According to anecdotes told to me by two of my own teachers—Clara Husserl and Alexander Brailowsky, both disciples of Leschetizky—the master's chief asset lay not in methodology but in his uncanny ability to adapt his teaching to the needs of each pupil: I am in principle no friend of theoretical piano methods, he responded to his former student Malwine Bree. One might say, then, that the only piano method worthy of perpetuating Leschetizky's genius is no fixed method at all—a point supported by Bree in her introductory letter to this publication: This work is not intended as an over-zealous insistence on the letter of the law, but is meant to be a guide to correct and beautiful playing.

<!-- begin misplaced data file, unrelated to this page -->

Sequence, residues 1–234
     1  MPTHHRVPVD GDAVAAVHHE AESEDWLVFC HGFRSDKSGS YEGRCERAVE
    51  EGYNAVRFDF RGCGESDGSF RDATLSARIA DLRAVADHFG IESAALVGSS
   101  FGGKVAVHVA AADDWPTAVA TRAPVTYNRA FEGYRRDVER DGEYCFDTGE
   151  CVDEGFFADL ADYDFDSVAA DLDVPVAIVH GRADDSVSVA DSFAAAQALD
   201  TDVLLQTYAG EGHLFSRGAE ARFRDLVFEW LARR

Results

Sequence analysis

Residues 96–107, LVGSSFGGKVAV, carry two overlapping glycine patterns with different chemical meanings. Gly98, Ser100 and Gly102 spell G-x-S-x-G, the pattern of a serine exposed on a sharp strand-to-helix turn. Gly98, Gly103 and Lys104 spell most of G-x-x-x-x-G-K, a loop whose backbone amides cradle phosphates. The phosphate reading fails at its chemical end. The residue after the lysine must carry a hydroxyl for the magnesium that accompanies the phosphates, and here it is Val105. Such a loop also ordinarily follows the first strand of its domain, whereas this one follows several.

We know, and Bree reiterates, that no method or guide can lead to artistic mastery For teachers and students who oppose dry finger exercises, keep in mind that it is not what you practice that is important, but rather how you practice. Since Leschetizky was imbued with the deepest musicality, all of the exercises in this book must be played musically, with carefully controlled dynamics and an even pulse. A key to this is Bree's precise dynamics for the practice of the C major scales (page 18). One can even skip the exercises in favor of such important reminders as The ear is the guide, and the student must be able to hear . . . any undesired inequality ... (page 7), and on the calming effect of her remarks on our fingers' natural interdependency (page 11). We are reminded, too, to stay close to the front of the keys where the key descent is deepest, and to use smaller, more economical motions when playing fast passages.